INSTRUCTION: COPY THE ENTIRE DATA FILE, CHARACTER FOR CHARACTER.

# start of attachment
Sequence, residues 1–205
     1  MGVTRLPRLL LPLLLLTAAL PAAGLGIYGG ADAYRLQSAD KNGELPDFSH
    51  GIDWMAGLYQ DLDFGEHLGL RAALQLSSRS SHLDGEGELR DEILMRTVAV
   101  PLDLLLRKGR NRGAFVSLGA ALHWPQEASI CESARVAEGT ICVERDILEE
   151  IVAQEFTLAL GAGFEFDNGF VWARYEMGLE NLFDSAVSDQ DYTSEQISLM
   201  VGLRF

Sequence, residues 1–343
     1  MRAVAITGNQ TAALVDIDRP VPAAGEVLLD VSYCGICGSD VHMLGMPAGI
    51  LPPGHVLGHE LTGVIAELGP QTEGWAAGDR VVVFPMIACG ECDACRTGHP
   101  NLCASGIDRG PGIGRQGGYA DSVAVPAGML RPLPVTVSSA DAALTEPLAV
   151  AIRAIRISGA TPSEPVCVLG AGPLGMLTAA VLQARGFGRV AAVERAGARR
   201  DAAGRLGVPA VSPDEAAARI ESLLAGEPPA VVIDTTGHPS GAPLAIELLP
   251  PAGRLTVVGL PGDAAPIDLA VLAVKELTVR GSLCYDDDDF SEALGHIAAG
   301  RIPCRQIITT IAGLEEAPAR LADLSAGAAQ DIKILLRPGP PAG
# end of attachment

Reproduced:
Sequence, residues 1–205
     1  MGVTRLPRLL LPLLLLTAAL PAAGLGIYGG ADAYRLQSAD KNGELPDFSH
    51  GIDWMAGLYQ DLDFGEHLGL RAALQLSSRS SHLDGEGELR DEILMRTVAV
   101  PLDLLLRKGR NRGAFVSLGA ALHWPQEASI CESARVAEGT ICVERDILEE
   151  IVAQEFTLAL GAGFEFDNGF VWARYEMGLE NLFDSAVSDQ DYTSEQISLM
   201  VGLRF

Sequence, residues 1–343
     1  MRAVAITGNQ TAALVDIDRP VPAAGEVLLD VSYCGICGSD VHMLGMPAGI
    51  LPPGHVLGHE LTGVIAELGP QTEGWAAGDR VVVFPMIACG ECDACRTGHP
   101  NLCASGIDRG PGIGRQGGYA DSVAVPAGML RPLPVTVSSA DAALTEPLAV
   151  AIRAIRISGA TPSEPVCVLG AGPLGMLTAA VLQARGFGRV AAVERAGARR
   201  DAAGRLGVPA VSPDEAAARI ESLLAGEPPA VVIDTTGHPS GAPLAIELLP
   251  PAGRLTVVGL PGDAAPIDLA VLAVKELTVR GSLCYDDDDF SEALGHIAAG
   301  RIPCRQIITT IAGLEEAPAR LADLSAGAAQ DIKILLRPGP PAG